Lauren Michele Jackson
Lauren Michele Jackson is a contributing writer at The New Yorker, where her recent work includes an adventure through gamified stardom in The Sims and the racial politics of voice acting. She is an assistant professor of English at Northwestern University. Her writing has appeared in The Atlantic, The Awl, Chicago magazine, The New Inquiry, New York, The Point, Rolling Stone, Slate, and the Washington Post, among other publications. Her first book, the essay collection “White Negroes,” was published in 2019. She lives in Chicago.
All Work
Cultural Comment
The Void That Critical Race Theory Was Created to Fill
The movement’s architects saw the inadequacy of liberal solutions to racial injustice. Yet the term has become a lullaby by which liberals self-soothe.
By Lauren Michele JacksonJuly 27, 2021
Paul Mooney, Comedy’s Maestro of White America
Like his collaborator Richard Pryor, Mooney used the N-word as a form of comic expression. But it was whiteness that he made devastatingly easy to understand.
By Lauren Michele JacksonMay 22, 2021
Under Review
What We Want from Richard Wright
A newly restored novel tests an old dynamic between readers and the author of “Native Son.”
By Lauren Michele JacksonMay 12, 2021
Cultural Comment
Daunte Wright and the Grammar of Kim Potter’s Resignation
Potter insists that she “has loved every minute of being a police officer,” even if some of her final minutes in the field were spent annihilating a man.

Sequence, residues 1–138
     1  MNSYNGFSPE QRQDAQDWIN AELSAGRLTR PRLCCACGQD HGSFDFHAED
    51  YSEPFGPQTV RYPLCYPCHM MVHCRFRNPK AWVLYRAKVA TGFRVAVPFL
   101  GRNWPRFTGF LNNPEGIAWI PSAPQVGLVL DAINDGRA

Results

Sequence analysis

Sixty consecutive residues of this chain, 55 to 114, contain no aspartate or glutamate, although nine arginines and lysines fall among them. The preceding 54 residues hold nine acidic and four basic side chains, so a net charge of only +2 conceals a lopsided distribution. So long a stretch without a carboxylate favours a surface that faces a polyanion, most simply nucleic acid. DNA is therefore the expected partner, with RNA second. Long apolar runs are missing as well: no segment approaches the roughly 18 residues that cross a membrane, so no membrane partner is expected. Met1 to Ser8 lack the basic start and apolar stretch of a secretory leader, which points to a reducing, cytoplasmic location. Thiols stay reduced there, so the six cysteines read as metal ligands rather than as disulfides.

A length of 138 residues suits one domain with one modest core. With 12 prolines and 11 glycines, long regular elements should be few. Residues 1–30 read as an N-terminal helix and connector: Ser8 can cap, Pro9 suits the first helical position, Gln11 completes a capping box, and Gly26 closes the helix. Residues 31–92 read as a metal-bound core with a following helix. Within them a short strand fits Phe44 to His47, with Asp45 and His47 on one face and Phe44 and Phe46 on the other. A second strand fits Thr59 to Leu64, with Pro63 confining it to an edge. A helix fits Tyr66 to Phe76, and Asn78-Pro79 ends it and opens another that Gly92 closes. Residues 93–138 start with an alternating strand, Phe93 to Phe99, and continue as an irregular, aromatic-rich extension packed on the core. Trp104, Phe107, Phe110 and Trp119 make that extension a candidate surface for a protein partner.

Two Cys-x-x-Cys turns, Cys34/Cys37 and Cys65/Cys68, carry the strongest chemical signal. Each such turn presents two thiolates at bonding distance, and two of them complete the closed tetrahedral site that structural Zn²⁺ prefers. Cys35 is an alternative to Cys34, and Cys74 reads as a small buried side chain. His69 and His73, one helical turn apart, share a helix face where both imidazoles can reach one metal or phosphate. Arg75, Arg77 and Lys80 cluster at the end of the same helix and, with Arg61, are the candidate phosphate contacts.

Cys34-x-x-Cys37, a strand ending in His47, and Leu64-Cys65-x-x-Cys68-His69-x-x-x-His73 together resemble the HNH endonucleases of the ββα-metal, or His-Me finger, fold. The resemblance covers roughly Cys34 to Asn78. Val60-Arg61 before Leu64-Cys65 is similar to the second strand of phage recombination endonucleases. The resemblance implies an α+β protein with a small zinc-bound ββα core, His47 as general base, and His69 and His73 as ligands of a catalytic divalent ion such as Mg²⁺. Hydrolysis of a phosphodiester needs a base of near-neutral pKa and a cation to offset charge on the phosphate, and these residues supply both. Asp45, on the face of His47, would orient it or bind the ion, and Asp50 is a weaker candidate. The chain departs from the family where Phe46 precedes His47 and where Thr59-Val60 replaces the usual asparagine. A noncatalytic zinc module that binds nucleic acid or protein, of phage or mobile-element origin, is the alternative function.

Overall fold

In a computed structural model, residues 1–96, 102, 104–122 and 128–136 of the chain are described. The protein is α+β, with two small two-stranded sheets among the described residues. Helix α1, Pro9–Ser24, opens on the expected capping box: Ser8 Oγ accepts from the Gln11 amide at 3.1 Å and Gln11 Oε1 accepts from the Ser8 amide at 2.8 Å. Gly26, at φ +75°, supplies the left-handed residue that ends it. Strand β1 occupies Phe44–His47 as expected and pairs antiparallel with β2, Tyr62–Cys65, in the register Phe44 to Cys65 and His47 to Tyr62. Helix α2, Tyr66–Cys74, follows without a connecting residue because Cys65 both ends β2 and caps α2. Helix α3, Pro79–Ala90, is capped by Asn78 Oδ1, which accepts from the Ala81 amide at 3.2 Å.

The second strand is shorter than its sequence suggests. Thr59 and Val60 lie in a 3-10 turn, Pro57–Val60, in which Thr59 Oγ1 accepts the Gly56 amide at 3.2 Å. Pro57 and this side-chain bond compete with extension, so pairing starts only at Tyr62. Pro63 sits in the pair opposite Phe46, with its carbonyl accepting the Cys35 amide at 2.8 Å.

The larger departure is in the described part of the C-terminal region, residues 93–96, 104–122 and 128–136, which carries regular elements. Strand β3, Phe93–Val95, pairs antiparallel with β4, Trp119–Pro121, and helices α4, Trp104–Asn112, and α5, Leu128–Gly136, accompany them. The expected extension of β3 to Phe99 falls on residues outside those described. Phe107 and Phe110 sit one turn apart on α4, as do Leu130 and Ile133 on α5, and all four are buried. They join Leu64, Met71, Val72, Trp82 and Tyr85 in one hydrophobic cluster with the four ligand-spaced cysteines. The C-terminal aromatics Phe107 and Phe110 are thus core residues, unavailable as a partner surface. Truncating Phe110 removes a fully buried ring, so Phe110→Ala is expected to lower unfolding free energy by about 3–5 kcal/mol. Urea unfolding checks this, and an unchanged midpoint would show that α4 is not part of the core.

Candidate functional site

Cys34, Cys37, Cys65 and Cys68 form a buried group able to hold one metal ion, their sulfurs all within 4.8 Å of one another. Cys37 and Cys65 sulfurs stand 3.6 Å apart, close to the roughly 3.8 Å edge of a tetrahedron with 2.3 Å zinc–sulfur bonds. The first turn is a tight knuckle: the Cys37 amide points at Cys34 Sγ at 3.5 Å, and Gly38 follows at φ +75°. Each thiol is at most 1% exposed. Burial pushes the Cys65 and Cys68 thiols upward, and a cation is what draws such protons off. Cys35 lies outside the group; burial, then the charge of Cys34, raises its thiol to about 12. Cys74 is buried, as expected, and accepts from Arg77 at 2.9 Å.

By Lauren Michele JacksonApril 16, 2021
On Television
How “Bridgerton” and “The Bachelor” Coupled Romance with Race
In Netflix’s period drama, the racial element was cannily calibrated; in the reality-TV series, it threw the love story off course.
By Lauren Michele JacksonMarch 16, 2021
Podcast Dept.
Obama and Springsteen’s Podcast Is Here to Lull America
In “Renegades,” a new Spotify podcast, the rock superstar and the ex-President dub themselves rebellious outsiders while playing their familiar hits.
By Lauren Michele JacksonFebruary 28, 2021
Under Review
“The Prophets,” a Novel of Queer Love During Slavery, Burdened by History
In Robert Jones, Jr.,’s début, ancestors of various kinds are beckoned forth to lend the weight of their influence, from the denizens of the plantation who populate the book to the luminaries of African-American letters who inspired it.
By Lauren Michele JacksonFebruary 3, 2021
On Television
The “Animaniacs” Reboot Revives the Zany and Regurgitates the Meta
Their wackiness makes the “animated maniacs” ripe for psychoanalyzing, but do so at your peril.
By Lauren Michele JacksonJanuary 12, 2021
2020 in Review
Kim Kardashian and the Year of Unchecked Privilege-Checking
The events of 2020 created a compulsion to confess one’s advantages, even in the midst of enjoying them.
By Lauren Michele JacksonDecember 23, 2020
Culture Desk
Ariana Grande Talks Dirty on “Positions”
Listeners may find it a relief to find an album that aspires to please and nothing more.
By Lauren Michele JacksonNovember 3, 2020
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